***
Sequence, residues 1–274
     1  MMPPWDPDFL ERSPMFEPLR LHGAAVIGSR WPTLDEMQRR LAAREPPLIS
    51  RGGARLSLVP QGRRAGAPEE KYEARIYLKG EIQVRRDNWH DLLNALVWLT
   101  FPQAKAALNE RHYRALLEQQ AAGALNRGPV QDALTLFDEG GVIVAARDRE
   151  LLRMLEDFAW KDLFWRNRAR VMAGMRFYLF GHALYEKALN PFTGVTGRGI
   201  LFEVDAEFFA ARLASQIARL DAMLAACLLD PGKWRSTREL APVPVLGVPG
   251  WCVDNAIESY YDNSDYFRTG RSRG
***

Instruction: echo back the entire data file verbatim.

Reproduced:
Sequence, residues 1–274
     1  MMPPWDPDFL ERSPMFEPLR LHGAAVIGSR WPTLDEMQRR LAAREPPLIS
    51  RGGARLSLVP QGRRAGAPEE KYEARIYLKG EIQVRRDNWH DLLNALVWLT
   101  FPQAKAALNE RHYRALLEQQ AAGALNRGPV QDALTLFDEG GVIVAARDRE
   151  LLRMLEDFAW KDLFWRNRAR VMAGMRFYLF GHALYEKALN PFTGVTGRGI
   201  LFEVDAEFFA ARLASQIARL DAMLAACLLD PGKWRSTREL APVPVLGVPG
   251  WCVDNAIESY YDNSDYFRTG RSRG